Traditional village councils, modern associations, and the emergence of hybrid political orders in rural Morocco
This essay aims to emphasize the relevance and analytical usefulness of the concept of hybrid political orders with regard to a state and a society that is neither in a post-war nor peace-building situation. Rather, the case of rural Morocco illustrates how hybrid political orders emerge over time, in the context of post-colonial state-building in general, and in the context of decentralization reforms, the proliferation of participatory programs, and the growth of ‘‘civil society’’ in particular.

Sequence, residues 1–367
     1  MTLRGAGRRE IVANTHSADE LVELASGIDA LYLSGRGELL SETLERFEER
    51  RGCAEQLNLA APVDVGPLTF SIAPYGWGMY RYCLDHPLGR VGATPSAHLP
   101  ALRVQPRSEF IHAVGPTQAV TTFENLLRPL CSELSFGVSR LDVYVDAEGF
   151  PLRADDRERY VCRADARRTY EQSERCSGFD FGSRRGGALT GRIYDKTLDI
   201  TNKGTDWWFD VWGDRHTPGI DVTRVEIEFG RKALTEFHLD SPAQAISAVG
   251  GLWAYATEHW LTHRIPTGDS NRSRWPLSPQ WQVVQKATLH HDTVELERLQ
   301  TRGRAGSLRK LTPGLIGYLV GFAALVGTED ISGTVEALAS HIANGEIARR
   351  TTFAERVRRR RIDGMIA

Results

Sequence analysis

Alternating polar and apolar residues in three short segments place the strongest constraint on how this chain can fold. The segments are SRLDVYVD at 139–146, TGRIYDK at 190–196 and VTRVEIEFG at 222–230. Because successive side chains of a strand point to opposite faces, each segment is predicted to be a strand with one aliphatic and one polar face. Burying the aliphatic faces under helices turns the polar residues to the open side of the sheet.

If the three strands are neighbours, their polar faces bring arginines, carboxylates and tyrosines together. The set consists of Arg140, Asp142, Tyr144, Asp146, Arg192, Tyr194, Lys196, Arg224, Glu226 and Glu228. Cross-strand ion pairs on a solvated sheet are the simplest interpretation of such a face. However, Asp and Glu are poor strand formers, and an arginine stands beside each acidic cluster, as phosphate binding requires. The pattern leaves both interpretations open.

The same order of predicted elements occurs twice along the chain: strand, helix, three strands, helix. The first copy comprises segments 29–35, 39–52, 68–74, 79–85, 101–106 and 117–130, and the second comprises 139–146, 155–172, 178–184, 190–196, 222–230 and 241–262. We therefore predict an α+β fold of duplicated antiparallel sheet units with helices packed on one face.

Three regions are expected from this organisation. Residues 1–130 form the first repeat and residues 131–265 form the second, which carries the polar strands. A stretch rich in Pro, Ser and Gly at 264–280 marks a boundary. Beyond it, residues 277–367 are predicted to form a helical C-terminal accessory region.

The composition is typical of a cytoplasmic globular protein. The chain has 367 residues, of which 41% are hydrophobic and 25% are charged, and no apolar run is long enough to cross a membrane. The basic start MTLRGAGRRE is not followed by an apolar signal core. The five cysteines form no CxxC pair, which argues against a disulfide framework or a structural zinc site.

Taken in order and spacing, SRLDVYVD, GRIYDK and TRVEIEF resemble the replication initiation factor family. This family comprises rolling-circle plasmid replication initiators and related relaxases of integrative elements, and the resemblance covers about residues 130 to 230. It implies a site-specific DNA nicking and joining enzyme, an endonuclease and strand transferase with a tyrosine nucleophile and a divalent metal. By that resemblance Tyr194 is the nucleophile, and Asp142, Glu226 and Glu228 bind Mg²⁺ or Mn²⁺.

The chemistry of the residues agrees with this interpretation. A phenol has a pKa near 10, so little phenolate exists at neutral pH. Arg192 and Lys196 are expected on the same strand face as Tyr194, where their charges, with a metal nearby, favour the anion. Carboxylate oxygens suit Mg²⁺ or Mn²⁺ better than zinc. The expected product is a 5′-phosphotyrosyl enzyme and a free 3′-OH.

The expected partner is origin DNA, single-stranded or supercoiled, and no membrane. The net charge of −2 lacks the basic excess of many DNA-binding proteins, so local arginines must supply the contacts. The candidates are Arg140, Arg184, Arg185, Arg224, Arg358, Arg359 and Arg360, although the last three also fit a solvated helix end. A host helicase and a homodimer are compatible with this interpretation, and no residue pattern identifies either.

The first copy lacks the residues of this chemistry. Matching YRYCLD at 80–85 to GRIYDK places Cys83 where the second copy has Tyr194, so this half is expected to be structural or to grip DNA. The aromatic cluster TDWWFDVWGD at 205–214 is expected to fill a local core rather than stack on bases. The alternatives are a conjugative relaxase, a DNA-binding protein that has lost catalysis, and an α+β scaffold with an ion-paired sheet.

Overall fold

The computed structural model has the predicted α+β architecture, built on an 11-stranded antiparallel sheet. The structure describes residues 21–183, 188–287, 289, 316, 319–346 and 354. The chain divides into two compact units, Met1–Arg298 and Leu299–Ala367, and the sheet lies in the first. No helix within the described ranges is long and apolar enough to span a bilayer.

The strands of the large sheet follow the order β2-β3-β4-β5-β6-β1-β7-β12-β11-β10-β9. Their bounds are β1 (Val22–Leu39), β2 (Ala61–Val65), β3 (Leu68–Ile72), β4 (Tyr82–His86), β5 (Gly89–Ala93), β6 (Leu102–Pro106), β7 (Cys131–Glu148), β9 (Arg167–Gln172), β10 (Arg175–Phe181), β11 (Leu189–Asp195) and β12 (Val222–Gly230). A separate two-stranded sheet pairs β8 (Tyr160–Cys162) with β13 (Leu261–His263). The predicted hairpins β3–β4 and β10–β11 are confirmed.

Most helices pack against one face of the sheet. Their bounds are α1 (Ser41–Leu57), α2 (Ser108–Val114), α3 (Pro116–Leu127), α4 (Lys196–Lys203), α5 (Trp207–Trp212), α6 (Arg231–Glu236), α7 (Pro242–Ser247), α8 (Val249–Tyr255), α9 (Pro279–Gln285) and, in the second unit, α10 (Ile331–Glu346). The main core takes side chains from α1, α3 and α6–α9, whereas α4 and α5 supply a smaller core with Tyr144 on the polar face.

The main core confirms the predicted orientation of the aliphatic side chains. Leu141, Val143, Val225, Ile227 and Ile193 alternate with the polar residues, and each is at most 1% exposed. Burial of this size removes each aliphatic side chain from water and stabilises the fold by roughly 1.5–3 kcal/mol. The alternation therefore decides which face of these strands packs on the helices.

|Persistent URL||dx.doi.org/10.1080/10402650802690060, hdl.handle.net/1765/18307|
|Series||ISS Staff Group 2: States, Societies and World Development|
|Journal||Peace Review: a journal of social justice|
Bergh, S.I. (2009). Traditional village councils, modern associations, and the emergence of hybrid political orders in rural Morocco. Peace Review: a journal of social justice, 21(1), 45–53. doi:10.1080/10402650802690060